Electronic laboratory notebooks aren't just for industry anymore. Many ELNs now are priced for academia, "and rapidly it's coming to the point where science cannot be done without it," says Douglas Perry, professor of informatics at Indiana University in Bloomington.
Large companies typically use ELNs to standardize quality control or establish a legal data trail; academic labs use them to gain searchable access to years' worth of data or the ability to share data easily. But ELNs are not only about moving from paper to electronic notebooks, says Ian Murrell of the Klee Group in France, which produces the Kalabie ELN. "They occupy an important position where knowledge is created out of experiment data, and where collaborative work can be organized."
So, do you need an ELN? Ask yourself these four questions.
1. Do you generate high-throughput or automated data?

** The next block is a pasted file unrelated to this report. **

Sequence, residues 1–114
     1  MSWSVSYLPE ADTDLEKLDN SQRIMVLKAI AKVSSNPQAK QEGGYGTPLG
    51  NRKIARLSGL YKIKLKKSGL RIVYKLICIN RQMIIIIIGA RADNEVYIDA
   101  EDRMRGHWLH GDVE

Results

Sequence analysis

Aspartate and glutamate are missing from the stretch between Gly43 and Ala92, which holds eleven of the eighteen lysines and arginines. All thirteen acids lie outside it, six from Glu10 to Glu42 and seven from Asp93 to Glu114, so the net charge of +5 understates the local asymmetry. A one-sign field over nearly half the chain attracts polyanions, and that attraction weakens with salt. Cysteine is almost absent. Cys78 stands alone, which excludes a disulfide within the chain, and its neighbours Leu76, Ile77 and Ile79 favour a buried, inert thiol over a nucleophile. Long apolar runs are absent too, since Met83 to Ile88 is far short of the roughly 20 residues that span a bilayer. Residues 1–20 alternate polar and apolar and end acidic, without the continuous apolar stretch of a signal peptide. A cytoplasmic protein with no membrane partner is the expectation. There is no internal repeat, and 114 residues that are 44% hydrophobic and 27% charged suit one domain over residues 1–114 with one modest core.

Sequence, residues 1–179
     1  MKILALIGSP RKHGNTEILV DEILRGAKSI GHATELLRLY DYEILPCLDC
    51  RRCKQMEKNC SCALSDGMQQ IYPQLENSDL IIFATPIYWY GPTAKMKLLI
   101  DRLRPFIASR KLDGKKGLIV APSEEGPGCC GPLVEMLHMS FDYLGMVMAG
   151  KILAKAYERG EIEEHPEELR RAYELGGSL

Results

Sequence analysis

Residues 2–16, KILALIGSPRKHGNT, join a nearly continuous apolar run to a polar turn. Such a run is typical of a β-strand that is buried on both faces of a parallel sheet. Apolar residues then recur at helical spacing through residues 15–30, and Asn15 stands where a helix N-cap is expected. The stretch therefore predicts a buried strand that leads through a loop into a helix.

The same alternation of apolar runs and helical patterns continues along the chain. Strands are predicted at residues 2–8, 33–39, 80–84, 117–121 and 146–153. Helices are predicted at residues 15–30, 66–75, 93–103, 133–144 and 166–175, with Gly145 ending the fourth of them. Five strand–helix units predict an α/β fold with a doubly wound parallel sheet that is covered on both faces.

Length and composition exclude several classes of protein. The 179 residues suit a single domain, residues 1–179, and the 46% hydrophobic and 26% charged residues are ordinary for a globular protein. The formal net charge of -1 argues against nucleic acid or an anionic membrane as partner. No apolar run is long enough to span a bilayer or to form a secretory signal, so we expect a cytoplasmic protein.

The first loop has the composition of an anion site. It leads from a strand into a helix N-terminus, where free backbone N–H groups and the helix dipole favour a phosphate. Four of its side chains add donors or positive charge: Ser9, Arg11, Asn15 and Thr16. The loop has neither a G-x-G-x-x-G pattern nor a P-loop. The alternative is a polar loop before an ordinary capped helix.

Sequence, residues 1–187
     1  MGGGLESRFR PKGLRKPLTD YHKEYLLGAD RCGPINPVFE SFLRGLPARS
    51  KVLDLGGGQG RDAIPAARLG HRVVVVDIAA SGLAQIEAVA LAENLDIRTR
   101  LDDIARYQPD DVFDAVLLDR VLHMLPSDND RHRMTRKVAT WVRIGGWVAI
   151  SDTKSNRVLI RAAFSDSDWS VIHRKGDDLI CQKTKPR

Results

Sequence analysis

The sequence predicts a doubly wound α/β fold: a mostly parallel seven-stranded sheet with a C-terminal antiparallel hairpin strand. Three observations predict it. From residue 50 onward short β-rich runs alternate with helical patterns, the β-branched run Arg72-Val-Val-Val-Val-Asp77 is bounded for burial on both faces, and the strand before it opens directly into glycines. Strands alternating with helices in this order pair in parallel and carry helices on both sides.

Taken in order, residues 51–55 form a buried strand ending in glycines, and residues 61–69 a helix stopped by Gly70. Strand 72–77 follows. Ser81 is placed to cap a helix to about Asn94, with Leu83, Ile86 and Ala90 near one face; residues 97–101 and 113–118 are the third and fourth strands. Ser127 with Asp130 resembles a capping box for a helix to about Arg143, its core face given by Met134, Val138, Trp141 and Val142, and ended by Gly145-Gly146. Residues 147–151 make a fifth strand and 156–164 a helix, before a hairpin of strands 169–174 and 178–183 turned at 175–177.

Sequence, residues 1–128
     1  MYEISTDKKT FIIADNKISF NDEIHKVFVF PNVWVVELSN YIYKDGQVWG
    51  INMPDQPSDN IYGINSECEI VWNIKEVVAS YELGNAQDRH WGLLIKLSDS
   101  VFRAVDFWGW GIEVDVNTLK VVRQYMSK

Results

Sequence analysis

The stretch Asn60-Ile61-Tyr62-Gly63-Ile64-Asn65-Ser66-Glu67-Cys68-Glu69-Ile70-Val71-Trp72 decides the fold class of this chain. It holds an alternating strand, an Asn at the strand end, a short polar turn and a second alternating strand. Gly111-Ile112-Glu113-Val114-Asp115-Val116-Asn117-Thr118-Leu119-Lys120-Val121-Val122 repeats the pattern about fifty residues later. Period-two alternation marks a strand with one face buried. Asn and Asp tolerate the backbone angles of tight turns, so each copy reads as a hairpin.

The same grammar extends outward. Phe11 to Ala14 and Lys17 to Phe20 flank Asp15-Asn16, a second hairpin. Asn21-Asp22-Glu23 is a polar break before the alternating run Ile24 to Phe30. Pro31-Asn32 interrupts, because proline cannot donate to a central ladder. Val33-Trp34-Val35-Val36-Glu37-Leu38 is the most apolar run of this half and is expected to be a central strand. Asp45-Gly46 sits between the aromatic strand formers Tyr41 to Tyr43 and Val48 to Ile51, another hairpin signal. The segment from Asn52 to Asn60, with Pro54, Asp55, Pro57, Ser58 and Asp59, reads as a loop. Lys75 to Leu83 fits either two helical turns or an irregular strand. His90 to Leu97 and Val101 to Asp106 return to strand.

Ellen Quardokus, a research associate at Indiana University, had used several sequence packages to analyze the genomics and proteomics data generated in her microbial genetics laboratory. Now, she uses Textco's Gene Inspector ELN to integrate those analyses with experimental designs and results in a unified electronic format. "It had all of the things that I typically do to my sequence in one place," Quardokus says. Since sequences are linked to analyses, when she updates a sequence, results are adjusted accordingly. "It makes it nice to not have to go back and manually redo all of those analyses."
Today even modest academic labs can generate massive amounts of information, thanks to sequencers, microarrays, and other genomics tools. "Getting that data into a lab notebook is either painstaking and error-prone, if you have to write the information in manually, or you cut out the pieces of paper and paste them into your notebook," says Keith Taylor of MDL Informatics.
An ELN can help organize, analyze, and archive these data, Perry says, while also keeping them searchable for later use. It also can help researchers analyze data generated from automated systems in consistent ways, for instance, by automating calculations. "It makes life simpler," says Taylor.
2. Do you collaborate with other labs?